Life Is Strange: Episode Two – Out of Time

Game Review by Jodi Mullen | 02 Apr 2015
  • Life Is Strange: Episode Two - Out of Time
Game title: Life Is Strange: Episode Two - Out of Time
Publisher: Developer: Dontnod Entertainment, Publisher: Square Enix
Release date: 24 March 2015
Price: £3.99 per episode, £15.99 for the season pass

Life Is Strange is an episodic adventure game set in and around Blackwell Academy, a prestigious art school in the US North West. In the first episode, Chrysalis, we met Max Caulfield, a geeky, awkward female photography student who discovers a mysterious ability to rewind time – while also seeing portentous visions of the destruction of the town of Arcadia Bay. In the second episode, Out Of Time, we return to Blackwell as Max to further investigate the disappearance of another student, Rachel Amber, and find out some of the repercussions of decisions we have made.

Out Of Time opens with Max waking up the morning after the closing scenes of the the previous instalment. As before, the player guides her through her day, interacting with other characters and objects, taking photos and using Max's as yet unexplained time-rewind powers to work through conversational and environmental puzzles. This time around, we explore a number of off-campus locations including the Two Whales diner and a junkyard by the railway tracks.

This new episode has brought with it a number of changes for the better. Dialogue on the whole, has improved with the awkward 'teen' vernacular that blighted Episode One largely – and wisely – shelved, with only Max's best friend Chloe clinging on to the occasional 'hella'. Characters are well-rounded and a number of bit players display a good deal of nuance than their one-dimensional first impressions hinted at.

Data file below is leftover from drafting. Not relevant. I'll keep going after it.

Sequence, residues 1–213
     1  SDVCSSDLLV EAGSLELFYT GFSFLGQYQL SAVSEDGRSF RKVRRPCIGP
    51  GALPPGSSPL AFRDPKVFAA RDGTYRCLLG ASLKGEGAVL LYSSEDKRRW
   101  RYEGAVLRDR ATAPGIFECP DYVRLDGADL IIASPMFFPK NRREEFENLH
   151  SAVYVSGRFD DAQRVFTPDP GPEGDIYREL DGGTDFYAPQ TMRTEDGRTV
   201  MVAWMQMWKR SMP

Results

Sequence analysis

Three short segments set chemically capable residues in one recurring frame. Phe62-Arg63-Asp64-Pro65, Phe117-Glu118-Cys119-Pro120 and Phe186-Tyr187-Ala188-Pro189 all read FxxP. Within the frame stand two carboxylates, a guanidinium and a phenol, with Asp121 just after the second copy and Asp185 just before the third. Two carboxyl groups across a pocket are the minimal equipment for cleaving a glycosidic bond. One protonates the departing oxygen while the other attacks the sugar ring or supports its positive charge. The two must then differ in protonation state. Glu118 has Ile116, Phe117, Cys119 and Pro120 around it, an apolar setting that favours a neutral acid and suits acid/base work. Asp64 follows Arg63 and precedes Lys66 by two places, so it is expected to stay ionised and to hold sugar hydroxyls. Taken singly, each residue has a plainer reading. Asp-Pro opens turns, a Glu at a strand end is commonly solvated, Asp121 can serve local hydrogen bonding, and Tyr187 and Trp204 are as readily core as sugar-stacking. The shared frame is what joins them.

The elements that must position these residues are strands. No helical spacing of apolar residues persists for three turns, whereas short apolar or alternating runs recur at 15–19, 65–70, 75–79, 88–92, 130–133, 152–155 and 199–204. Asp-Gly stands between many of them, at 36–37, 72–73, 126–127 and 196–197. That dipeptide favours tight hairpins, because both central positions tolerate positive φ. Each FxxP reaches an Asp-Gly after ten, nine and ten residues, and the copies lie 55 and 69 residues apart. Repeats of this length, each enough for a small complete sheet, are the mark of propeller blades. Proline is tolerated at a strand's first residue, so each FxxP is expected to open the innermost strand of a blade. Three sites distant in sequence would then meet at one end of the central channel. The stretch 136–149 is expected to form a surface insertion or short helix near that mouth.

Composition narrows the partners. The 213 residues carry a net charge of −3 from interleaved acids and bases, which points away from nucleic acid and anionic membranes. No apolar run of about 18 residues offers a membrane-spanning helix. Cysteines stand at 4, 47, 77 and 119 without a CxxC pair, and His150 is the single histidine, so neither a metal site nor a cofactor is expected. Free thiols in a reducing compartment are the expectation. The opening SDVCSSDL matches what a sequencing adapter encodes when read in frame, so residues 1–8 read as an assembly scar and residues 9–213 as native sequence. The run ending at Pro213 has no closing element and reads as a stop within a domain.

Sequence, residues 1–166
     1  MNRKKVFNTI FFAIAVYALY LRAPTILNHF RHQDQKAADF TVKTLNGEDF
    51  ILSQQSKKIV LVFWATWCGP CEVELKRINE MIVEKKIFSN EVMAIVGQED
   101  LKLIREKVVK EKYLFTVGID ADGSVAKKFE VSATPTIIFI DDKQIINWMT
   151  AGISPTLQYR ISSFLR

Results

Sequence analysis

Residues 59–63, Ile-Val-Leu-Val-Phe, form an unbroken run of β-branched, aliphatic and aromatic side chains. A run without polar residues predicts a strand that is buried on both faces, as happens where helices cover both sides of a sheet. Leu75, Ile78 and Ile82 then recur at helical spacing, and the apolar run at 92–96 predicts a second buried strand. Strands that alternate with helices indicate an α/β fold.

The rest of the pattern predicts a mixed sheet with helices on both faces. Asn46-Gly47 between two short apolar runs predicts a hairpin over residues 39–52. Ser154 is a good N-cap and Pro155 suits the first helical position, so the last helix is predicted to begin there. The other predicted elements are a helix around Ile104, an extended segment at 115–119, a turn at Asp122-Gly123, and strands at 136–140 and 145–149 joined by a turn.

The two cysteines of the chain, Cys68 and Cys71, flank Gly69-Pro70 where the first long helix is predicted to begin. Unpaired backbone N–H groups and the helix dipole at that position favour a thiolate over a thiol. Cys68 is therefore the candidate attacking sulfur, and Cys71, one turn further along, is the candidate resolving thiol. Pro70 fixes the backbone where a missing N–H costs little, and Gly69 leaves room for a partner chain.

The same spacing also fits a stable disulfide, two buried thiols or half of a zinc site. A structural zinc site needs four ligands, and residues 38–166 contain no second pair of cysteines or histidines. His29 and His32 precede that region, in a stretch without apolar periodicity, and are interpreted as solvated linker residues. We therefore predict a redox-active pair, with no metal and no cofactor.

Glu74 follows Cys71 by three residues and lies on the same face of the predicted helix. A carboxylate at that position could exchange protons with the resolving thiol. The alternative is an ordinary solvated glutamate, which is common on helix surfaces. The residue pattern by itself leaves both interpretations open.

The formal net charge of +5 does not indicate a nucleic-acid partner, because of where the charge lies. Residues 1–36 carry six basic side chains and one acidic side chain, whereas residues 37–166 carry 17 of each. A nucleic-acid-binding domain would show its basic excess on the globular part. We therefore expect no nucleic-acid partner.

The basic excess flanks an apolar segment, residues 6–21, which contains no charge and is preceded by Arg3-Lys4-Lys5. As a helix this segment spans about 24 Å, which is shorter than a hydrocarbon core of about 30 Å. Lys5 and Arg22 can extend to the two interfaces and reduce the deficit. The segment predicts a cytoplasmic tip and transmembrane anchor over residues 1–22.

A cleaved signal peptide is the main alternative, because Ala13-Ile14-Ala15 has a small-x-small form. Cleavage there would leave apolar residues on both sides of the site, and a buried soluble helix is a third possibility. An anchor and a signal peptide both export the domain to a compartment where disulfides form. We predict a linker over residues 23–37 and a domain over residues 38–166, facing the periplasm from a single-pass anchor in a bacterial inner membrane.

After the first episode there was some concern that Life Is Strange would overplay its hand with regards to its time-rewind mechanic. While it does continue to play a significant part in Episode 2, time travel isn't used quite as frequently and Max, at one point, temporarily loses her powers through overuse. Although it couldn't happen at a worse time in story terms, the inability to rewind time at a crucial moment makes the player feel that they have to make genuine choices, rather than viewing multiple outcomes and opting for the one they like best.

On the other hand though, Out of Time suffers from a bit of a pacing issue, an odd criticism to make of a title only a couple of hours long. The first two-thirds of the game lay the groundwork for the dramatic ending but most of this content feels too familiar to what we saw in the first instalment and certain scenes outstay their welcome. A trip to a junkyard with Chloe becomes a seemingly interminable hunt for bottles and - aside from a few additional insights on Max's friend – adds little to the story.

Credit must go to Out of Time for having the bravery to tackle serious issues like bullying, fragmented families and depression. The game's penultimate scene, in particular, deals with extremely emotive subject matter and puts the player in a distinctly uncomfortable, high stakes situation. Pleasingly, this plays out without unnecessary melodrama or sensationalism but the overall tone of the scene seems a little off the mark and raises doubts as to whether Dontnod's writing team have the chops to pull off events of such gravitas.

The close of this episode also shows Life Is Strange's choice system come to the fore. Decisions made over the course of the two episodes have a bearing on game-changing events at the conclusion of Episode 2, and not always in predictable ways. There's a definite similarity to how stories unfold across instalments in Telltale's episodic titles, though The Walking Dead and The Wolf Among Us have seldom displayed anything quite as sophisticated as Dontnod's carefully woven closing scenes.

Ultimately, Life Is Strange Episode 2: Out Of Time asks more questions than it answers – while plenty happens during the episode, we're no closer to discovering the whereabouts of Rachel Amber or the source of Max's mysterious powers. It remains an intriguing title – and that dramatic, penultimate scene reads like a statement of intent from the developers – but it's a game that is still mostly trading on potential. Anyone who enjoyed the first episode will find their appetite whetted for future instalments but those who weren't convinced by Life Is Strange's schtick in Chrysalis are unlikely to find anything here to change their mind.

http://lifeisstrange.com/agegate.php